At this stage, you are ready to identify the User Experience Vision for the product. A good way to organize the information for the next step is to create user profiles, environment profiles, concept mockups, and synthesis. Collecting and organizing from the “what” can help your mind to understand the “why”.
2 – User Experience Strategy – Design & Prototyping
This is my favorite part in the User Experience Strategy. In this step, you have already collected rich descriptions from step one. Then you need to move on to create the architecture, where you will mix all your ideas together.
Be careful… this is a very important milestone. Here your view of what using the product has to be like “years” or so in the future.
This step is more iterative. You can start creating your mockups and put ideas in front of users, get their feedback, refine them, and repeat. These ideas may be represented by paper scratches, detailed designs, and then moved onto interactive wireframes and prototypes.
The production phase is when the high-fidelity design is ready and a version of the product is validated with stakeholders and end-users. The role of the UX designer shifts from creating and validating ideas to collaborating with developers to create a framework and sample version.
Common User Experience (UX) activities during this step include:
- Wireframing and Prototypes.
- Setting usability metrics.
- Process Diagrams and Experience maps.
- Create a complete Framework.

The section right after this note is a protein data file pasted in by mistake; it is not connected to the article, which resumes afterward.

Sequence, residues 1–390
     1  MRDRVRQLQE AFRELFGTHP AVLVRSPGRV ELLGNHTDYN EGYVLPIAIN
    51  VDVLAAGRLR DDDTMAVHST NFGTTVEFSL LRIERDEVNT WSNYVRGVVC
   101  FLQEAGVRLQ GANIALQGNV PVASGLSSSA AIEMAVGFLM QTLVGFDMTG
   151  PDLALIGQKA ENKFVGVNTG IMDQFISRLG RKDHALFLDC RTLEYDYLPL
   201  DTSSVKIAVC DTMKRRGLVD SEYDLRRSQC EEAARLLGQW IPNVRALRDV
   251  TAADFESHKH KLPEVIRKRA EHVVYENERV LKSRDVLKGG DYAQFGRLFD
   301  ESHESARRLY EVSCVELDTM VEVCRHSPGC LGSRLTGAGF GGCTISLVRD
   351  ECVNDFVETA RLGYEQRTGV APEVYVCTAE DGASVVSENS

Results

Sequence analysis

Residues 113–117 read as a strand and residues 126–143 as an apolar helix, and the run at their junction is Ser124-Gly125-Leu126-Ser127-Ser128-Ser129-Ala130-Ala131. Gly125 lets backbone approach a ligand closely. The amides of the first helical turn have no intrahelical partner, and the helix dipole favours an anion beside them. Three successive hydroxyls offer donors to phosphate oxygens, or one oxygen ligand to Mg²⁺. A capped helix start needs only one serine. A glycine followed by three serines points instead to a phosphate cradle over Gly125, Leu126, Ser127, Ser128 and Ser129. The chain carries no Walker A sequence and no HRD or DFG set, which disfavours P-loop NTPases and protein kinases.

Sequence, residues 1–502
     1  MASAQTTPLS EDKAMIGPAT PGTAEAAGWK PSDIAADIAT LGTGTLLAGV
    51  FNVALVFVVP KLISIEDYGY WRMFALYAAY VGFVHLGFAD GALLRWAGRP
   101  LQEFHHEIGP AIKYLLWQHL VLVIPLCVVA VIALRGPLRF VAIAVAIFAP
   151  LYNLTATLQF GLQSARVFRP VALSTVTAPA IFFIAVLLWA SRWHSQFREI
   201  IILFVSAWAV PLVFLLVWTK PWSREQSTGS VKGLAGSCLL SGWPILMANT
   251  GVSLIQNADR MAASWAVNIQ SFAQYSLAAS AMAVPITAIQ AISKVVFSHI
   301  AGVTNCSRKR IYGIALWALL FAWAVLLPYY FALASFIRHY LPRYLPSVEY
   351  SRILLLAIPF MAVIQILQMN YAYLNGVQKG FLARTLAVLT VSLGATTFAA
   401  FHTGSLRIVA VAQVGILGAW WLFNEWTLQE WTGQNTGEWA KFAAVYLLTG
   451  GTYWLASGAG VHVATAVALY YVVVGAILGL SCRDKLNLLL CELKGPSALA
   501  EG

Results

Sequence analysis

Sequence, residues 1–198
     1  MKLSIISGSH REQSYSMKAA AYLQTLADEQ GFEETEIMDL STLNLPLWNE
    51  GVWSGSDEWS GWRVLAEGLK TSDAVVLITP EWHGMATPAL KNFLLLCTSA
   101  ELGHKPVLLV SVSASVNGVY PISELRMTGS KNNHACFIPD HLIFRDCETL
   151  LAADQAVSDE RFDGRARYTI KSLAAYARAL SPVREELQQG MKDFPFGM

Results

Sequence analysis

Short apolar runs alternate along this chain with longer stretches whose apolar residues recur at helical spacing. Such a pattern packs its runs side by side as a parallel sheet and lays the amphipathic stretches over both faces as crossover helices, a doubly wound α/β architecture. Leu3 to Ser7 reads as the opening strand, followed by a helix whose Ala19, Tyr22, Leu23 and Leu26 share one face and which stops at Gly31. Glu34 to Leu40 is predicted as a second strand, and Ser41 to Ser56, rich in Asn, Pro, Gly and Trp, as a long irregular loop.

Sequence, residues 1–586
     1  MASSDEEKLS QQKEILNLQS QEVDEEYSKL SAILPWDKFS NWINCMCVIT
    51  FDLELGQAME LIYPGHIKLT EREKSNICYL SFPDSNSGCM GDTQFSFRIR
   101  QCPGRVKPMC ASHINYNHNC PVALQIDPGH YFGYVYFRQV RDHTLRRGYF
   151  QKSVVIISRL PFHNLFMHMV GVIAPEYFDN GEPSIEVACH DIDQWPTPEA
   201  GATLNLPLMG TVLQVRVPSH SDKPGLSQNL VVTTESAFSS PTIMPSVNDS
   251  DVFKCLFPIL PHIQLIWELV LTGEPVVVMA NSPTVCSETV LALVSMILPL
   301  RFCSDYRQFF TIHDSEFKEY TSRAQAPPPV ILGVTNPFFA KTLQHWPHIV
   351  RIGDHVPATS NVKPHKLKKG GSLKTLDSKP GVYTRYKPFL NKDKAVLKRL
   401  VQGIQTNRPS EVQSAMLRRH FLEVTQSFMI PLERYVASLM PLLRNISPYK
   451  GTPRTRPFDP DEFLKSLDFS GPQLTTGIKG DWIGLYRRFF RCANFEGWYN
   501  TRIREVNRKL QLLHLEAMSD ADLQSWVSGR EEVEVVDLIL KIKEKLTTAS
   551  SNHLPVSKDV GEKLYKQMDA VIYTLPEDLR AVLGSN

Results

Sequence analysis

- Alpha/Beta Version.
As mentioned above, this process is iterative, which may explain why there are many synergies between UX design strategy, Agile development principles, and Lean Startup thinking. It turns out that regular user feedback is at the heart of all of these approaches to product development. Beta releases and outcomes from each iteration can be evaluated and priorities adjusted accordingly.
3 – User Experience Strategy – Evaluation and Beta Test
In this step of the User Experience Strategy, you can find out how your product was actually used in practice.
You want to learn about your design’s problems during the usability test, not whether it fails after it is released. It’s that eventual failure that you are working to avoid. Formative usability testing is the way to achieve success by finding and fixing problems early.
Timing is critical. Watch and listen carefully. Be alert not only to the problems participants are having, but also to the likely causes of those problems.
Track real-world usage and continuously improve the product. Here you can understand if your process will come to fruition or if your product needs to come back to the previous steps for some edits. Select issues that uncover problems if they exist.
Remember three things:
- No one does a perfect job the first time;
- Uncovering problems is not a sign of failure;
- Users always surprise us.
Use the insights to drive the release of the product or to design a new product. Those issues are exactly what usability testing is good at resolving.
Common User Experience (UX) activities during this step include:
- A/B Testing.
- Custom testings.
- Usage logs.
- Analysis of support calls.